As an illustration of the above, I have personally shifted my largest meal to the pre-bedtime hour after long-bouts of sleepless nights due to prolonged cutting (dieting) at low digit body-fat levels so as to avoid the nighttime hunger and associated vigilant behaviors which often lead to less than desired appetitive behavior (e.g., bingeing). My own observations suggest that my endocrine/metabolic-energetic system has adapted well to this shift, with reduced night struggles and improved sleep quality as well as subsequent delays in food anticipatory activity (FAA) during the day during times of prolonged dieting. This might suggest (albeit somewhat evangelically) that an approach such as this is able to downregulate the expression of the Per2 gene, which has been shown to be a critical driver of food anticipatory activity in mice (Feillet et al., 2006). Breakfast is unknown in my nutritional scheme, which is oriented to the consistent preservation of the lean state. By eating a pre-bed meal of 1260 calories (on a daily average intake of approximately 2318), I am able to replenish my system before the normative circadian pulses of anabolic hormone secretion during sleep. Further, I speculate that due to my optimal insulin sensitivity (particularly at lowered adipostatic states) that by waking time, my own metabolic milieu is primed for optimal adipose partitioning at the expense of skeletal muscle as well as an amphibolic physiological milieu.

Other circadian patterns, particularly that of the HPA axis, are important to consider for the elite athlete who needs to be aware of the catabolic, over-trained condition. While there are individual patterns in the functioning of the HPA axis, it is generally agreed that there is a morning peak in the final common outcome (i.e., cortisol release) with subsequent decline throughout the day. However, given various stressors this ‘normative’ HPA circadian pattern can and has been shown to become disrupted. A stressor that may advance the diurnal pattern of cortisol secretion is intense training including a resistance or endurance component or a hybrid of the two. This most probably is at least one explanation for the intense night sweating and other cortisol-mediated effects that are commonly experienced by elite athletes training at extremely lean adipostatic states.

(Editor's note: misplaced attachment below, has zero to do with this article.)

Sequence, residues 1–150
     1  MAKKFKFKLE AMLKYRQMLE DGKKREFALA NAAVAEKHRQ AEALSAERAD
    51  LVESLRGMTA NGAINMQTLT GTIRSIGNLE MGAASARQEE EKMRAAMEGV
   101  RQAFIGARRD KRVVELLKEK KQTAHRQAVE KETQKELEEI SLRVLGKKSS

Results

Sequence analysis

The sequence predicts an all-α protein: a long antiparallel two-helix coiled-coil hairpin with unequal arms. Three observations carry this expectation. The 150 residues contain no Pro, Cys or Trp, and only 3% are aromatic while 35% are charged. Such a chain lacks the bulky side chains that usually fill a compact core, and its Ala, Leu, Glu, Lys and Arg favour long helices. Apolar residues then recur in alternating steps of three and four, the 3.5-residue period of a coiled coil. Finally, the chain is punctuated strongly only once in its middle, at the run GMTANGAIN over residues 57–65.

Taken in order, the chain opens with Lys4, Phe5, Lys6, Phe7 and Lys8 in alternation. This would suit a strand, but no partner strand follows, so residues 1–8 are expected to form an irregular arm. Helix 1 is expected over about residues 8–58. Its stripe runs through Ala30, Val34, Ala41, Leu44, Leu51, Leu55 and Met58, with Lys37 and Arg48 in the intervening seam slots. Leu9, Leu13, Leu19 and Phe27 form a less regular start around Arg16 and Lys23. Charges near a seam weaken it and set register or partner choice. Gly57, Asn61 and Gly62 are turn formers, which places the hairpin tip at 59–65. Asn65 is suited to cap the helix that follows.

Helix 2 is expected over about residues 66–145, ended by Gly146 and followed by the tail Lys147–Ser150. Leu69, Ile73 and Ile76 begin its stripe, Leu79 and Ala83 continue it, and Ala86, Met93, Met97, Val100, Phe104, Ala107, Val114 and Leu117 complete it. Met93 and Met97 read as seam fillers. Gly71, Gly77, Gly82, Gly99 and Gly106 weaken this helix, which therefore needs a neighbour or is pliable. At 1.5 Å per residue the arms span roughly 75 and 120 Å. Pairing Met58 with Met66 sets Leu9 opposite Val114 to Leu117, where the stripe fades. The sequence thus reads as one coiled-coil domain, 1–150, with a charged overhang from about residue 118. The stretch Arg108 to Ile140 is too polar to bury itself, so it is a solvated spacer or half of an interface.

A recent observation of mine with respect to the above, is that there is a threshold of HIIT-based cardio activity that one can do before he or she will advance the diurnal cortisol rhythm. Such phase advancing of the HPA axis, I have observed, appears to be associated with such negative sequela as sleep difficulty, anxiousness, fatigue, and increased appetite sensitivity (i.e., the degree to which appetite can be cognitively restrained). By modifying the cardio component of my evening training to be more aerobic-based one by nature, my sleep and ability to diet successfully to extremely lean states with minimal physiological and psychological maladaptation has greatly improved.

This article argues that knowledge of circadian rhythms is an important consideration with respect to optimal training times, eating schedules, recovery protocols, and more advanced considerations such as the role of supplementation and drug interactions on various metabolic parameters. However, it is prudent for each individual to consider their ‘control’ circadian state with respect to their current environment and how modifications such as the ‘phase-shifting’ procedure(s) describe herein will work for them. However, notwithstanding, I will offer that consideration of both a large pre-bed meal and reduction of HIIT-based cardio during the later stages of dieting are both wise considerations to avoid circadian involved disruption of optimal endocrine functioning. This would also apply to the novice dieter or physique competitor who is unaware of the stress that awaits them at their later stages of (contest) preparation.

The practice of ‘night-training’ is called into question by the available evidence. However, the key question is whether the body adapts to this new circadian pattern. The evidence suggests that the capability to re-regulate around new timing patterns is in fact possible. This would make evolutionary sense. However, it must be considered whether the environmental variables are in place to maximize this phase shift (e.g., appropriate recovery, mental discipline, cognitive ability and functioning). This leads us back to the idea of reprogramming of set-points and adaptation-regulation. If a circadian pattern can be adaptively re-regulated, albeit with much greater ease than the adipostat, then more advanced recomposition possibilities may well be within reach.


1. Feillet, C. A., Ripperger, J. A., Magnone, M. C., Dulloo, A., Albrecht, U., & Challet, E. (2006). Lack of food anticipation in per2 mutant mice. Current Biology, 16,2016-2022.

2. Gooley, J. J., Schomer, A., & Saper, C. B. (2006). The dorsomedial nucleus is critical for the expression of food-entrainable circadian rhythms. Nature Neuroscience, 9, 398-407.

3. Kriegsfeld, L. J., & Silver, R. (2006). The regulation of neuroendocrine functioning: Timing is everything. Hormones and Behavior, 49, 557-574.

4. Saper, C. B., Lu, J., Chous, T. C., & Gooley, J. (2005). The hypothalamic integrator for circadian rhythms. Trends in Neuroscience, 28, 152-157.